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Designing Distributed Systems by Brendan Burns

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Chapter 2. The Sidecar Pattern

The first single-node pattern is the sidecar pattern. The sidecar pattern is a single-node pattern made up of two containers. The first is the application container. It contains the core logic for the application. Without this container, the application would not exist. In addition to the application container, there is a sidecar container. The role of the sidecar is to augment and improve the application container, often without the application container’s knowledge. In its simplest form, a sidecar container can be used to add functionality to a container that might otherwise be difficult to improve. Sidecar containers are coscheduled onto the same machine via an atomic container group, such as the pod API object in Kubernetes. In addition to being scheduled on the same machine, the application container and sidecar container share a number of resources, including parts of the filesystem, hostname and network, and many other namespaces. A generic image of this sidecar pattern is shown in Figure 2-1.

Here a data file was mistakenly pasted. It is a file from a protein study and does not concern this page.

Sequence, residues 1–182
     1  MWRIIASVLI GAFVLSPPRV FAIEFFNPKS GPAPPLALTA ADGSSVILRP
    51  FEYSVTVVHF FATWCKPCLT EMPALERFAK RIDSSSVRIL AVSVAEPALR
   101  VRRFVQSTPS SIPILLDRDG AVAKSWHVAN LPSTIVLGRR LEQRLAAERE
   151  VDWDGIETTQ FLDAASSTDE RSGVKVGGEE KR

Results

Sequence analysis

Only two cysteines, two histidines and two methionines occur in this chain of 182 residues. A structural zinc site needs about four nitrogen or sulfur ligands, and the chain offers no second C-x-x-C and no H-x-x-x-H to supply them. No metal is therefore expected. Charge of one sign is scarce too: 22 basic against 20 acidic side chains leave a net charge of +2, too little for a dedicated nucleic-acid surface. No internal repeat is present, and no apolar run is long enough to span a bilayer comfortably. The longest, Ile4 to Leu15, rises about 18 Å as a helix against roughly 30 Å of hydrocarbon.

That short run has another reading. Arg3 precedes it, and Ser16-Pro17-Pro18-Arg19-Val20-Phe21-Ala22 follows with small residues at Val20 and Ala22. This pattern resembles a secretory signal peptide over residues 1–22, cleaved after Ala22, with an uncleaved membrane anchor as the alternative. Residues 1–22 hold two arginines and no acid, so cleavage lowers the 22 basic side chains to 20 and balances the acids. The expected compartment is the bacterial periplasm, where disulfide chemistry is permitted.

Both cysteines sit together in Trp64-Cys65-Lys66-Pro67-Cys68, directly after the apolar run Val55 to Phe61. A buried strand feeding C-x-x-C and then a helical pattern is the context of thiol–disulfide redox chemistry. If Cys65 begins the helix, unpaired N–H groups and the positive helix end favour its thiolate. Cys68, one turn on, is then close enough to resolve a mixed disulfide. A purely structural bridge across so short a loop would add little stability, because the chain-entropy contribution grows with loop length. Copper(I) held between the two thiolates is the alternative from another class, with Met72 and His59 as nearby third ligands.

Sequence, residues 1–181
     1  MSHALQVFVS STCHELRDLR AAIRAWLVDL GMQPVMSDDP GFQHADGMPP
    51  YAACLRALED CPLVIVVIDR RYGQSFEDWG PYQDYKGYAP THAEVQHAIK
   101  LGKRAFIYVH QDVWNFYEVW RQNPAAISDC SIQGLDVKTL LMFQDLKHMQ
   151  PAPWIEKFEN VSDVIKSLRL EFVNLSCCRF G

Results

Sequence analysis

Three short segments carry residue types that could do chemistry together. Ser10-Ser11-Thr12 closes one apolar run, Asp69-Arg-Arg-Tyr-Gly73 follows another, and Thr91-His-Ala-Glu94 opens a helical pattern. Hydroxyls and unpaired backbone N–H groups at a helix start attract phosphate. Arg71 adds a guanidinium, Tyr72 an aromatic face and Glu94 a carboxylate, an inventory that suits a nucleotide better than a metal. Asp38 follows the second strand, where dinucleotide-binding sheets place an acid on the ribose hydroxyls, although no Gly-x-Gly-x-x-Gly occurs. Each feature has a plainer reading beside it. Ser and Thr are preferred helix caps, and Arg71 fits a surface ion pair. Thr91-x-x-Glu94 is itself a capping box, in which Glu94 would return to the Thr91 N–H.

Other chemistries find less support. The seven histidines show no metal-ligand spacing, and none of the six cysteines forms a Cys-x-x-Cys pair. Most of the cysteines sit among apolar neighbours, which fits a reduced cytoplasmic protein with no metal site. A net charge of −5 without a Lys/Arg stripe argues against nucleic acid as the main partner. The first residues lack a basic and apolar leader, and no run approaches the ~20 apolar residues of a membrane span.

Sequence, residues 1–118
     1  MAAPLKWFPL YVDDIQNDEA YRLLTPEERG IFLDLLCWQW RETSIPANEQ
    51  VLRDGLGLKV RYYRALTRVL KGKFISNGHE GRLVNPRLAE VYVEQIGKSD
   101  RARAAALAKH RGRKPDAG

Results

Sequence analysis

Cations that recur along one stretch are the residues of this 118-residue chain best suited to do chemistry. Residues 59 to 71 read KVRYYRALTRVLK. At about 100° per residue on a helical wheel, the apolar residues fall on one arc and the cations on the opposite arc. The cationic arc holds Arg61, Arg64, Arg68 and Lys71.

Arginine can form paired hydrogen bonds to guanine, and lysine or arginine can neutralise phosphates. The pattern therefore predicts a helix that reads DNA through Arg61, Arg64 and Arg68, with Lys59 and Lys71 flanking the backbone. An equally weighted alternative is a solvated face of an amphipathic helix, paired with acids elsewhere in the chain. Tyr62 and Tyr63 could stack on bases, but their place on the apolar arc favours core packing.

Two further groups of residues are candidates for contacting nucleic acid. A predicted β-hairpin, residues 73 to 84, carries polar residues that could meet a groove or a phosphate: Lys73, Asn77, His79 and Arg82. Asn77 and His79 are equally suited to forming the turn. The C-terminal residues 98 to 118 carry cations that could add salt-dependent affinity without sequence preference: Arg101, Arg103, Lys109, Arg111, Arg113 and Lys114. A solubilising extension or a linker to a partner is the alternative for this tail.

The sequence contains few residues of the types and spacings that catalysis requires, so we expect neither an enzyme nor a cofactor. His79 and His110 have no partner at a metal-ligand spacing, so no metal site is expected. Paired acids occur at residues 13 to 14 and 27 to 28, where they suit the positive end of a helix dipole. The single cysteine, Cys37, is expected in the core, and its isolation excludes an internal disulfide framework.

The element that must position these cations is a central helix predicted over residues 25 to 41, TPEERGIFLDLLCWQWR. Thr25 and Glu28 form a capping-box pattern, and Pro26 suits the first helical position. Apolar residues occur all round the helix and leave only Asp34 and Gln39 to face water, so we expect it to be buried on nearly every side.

Illustration of the generic sidecar pattern
Figure 2-1. The generic sidecar pattern

An Example Sidecar: Adding HTTPS to a Legacy Service

Consider, for example, a legacy web service. Years ago, when it was built, internal network security was not as high a priority for the company, and thus, the application only services requests over unencrypted HTTP, not HTTPS. Due to recent security incidents, ...

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